He has re-made himself into this image that he wants to emanate. He is intentionally vapid in that rockstar-ish way, being irritating when never really saying what his music is all about in the way that shows contempt for people who seem to feel like they are entitled to that sort of information, but it is clear that a lot of thinking and good production sense has gone into this project.

In one interview Ninja mentions the "filters" that exist between subconscious and conscious, and how the art he feels is most worthy is the art of children, madmen and criminals, because their filters are either weak or distorted in a way that allows those things that the rest of the world "filters out" to be made apparent.

I like this because it is Jungian in a way, it recognizes that creativity is something that is not controlled but "channeled" or guided out of some unseen part of us.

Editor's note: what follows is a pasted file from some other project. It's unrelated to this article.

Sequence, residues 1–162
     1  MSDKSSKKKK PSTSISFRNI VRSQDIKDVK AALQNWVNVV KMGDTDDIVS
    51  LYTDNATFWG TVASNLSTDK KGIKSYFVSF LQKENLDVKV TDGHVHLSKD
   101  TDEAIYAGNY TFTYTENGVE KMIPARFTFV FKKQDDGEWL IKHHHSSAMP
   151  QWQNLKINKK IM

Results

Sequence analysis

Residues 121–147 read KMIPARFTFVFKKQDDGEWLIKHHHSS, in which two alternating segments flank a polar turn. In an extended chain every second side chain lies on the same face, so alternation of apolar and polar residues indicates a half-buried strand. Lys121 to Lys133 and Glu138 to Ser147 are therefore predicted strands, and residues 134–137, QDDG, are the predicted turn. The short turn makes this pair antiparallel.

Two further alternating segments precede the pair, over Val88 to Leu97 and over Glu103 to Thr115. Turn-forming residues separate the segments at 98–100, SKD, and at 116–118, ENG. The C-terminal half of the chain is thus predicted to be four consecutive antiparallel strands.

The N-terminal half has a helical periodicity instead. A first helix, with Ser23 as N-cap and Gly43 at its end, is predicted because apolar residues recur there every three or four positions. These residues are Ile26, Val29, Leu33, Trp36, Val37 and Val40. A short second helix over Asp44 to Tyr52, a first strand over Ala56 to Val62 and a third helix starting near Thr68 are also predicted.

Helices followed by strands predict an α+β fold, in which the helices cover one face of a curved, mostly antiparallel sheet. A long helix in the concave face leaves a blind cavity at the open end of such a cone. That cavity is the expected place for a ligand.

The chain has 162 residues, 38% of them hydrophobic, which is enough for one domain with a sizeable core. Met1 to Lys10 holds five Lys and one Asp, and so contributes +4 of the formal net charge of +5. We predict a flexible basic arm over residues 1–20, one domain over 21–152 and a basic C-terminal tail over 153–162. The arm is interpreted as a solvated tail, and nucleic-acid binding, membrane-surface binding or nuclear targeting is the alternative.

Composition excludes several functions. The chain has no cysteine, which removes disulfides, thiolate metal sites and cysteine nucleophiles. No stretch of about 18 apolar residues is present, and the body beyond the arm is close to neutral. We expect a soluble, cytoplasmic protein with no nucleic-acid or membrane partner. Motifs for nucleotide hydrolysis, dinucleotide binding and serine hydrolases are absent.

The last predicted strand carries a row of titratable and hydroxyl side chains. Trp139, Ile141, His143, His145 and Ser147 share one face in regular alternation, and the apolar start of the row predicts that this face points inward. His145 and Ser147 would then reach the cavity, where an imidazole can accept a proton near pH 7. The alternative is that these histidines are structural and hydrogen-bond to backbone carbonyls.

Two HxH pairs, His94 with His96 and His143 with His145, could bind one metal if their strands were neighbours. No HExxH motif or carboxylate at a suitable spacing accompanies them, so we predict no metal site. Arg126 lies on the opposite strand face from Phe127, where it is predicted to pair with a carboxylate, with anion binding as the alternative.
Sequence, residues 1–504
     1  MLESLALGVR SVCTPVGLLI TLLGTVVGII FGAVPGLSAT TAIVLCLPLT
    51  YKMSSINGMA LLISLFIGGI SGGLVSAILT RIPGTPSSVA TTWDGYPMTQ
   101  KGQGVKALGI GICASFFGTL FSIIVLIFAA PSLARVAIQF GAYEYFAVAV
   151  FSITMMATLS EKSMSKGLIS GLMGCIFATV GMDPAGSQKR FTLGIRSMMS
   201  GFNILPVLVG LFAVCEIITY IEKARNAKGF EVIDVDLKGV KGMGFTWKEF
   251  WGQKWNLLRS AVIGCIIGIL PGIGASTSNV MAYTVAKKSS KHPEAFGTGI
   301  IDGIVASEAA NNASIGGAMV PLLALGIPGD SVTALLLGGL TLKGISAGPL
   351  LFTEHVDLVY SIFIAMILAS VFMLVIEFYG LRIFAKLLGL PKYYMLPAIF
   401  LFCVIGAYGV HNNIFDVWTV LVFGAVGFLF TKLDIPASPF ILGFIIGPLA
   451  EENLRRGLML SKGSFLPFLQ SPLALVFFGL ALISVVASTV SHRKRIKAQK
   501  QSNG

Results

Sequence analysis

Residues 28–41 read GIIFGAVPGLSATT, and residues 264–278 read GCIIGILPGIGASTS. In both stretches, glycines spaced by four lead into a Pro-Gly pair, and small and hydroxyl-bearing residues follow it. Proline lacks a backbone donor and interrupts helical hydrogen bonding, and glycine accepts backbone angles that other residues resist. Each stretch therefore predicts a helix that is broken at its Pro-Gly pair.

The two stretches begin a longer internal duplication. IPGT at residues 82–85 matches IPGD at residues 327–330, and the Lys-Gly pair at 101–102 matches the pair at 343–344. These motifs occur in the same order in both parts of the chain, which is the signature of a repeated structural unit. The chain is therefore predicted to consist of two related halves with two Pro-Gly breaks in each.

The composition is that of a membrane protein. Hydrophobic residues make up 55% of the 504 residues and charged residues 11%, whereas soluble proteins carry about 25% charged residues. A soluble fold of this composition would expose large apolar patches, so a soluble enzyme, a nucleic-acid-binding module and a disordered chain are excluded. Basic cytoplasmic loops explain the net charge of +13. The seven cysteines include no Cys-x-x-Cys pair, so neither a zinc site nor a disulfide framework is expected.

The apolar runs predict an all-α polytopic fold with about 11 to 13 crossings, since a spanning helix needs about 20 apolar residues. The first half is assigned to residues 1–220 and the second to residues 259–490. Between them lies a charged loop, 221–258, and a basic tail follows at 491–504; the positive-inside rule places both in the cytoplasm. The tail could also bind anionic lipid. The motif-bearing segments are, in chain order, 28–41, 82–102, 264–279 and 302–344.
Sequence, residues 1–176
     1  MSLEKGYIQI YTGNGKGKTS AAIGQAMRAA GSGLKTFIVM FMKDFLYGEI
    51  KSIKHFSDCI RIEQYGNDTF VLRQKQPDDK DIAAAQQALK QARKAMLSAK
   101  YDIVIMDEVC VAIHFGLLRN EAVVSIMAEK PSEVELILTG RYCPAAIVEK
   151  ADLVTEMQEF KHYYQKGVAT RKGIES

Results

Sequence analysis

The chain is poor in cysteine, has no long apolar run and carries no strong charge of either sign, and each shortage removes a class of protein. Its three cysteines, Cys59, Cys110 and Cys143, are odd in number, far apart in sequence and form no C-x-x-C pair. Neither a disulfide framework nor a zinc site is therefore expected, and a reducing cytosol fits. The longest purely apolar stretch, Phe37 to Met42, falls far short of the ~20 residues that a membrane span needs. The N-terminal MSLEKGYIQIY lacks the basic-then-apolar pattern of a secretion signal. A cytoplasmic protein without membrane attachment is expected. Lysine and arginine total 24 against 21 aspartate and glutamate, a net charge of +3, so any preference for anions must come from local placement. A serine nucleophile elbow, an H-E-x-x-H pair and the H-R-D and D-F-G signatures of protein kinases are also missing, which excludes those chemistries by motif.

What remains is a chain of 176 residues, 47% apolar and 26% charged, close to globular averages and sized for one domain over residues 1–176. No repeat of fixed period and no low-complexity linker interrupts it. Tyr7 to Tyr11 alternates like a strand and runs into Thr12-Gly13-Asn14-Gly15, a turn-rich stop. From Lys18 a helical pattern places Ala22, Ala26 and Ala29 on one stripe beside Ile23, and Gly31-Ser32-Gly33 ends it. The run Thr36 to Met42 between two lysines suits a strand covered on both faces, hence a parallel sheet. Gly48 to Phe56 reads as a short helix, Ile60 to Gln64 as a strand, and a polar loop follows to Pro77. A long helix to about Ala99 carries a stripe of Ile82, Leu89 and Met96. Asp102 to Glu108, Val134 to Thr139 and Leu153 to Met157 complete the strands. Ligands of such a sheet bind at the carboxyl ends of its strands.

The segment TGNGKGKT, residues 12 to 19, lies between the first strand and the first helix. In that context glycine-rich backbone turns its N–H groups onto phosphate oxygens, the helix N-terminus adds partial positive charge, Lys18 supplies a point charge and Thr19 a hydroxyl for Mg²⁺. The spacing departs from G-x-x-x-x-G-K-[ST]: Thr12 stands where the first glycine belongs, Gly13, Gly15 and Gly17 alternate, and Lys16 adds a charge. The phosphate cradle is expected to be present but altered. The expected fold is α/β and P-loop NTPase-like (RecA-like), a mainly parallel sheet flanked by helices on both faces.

What I admire about this project is their success in the realization of their vision, and their use of the things around them. Their videos shot in South African sunlight, where the colors are so intense. Other people in the project, Yo-Landi Visser, who is beatiful, shrewish, angelic, demonic and... well, vuilgeboost all at once. DJ Hi-Tek, an amiable giant couch potato-esque everydude. Appearances in their visuals and videos by friends, including an unusual artist who brings an otherworldly aesthetic to their visuals.

Somehow they bring to light the "next level" surreality from this weird meld of bizarre and mundane and it is exactly what they are aiming for.

Friday, June 04, 2010

not so good things and worse things.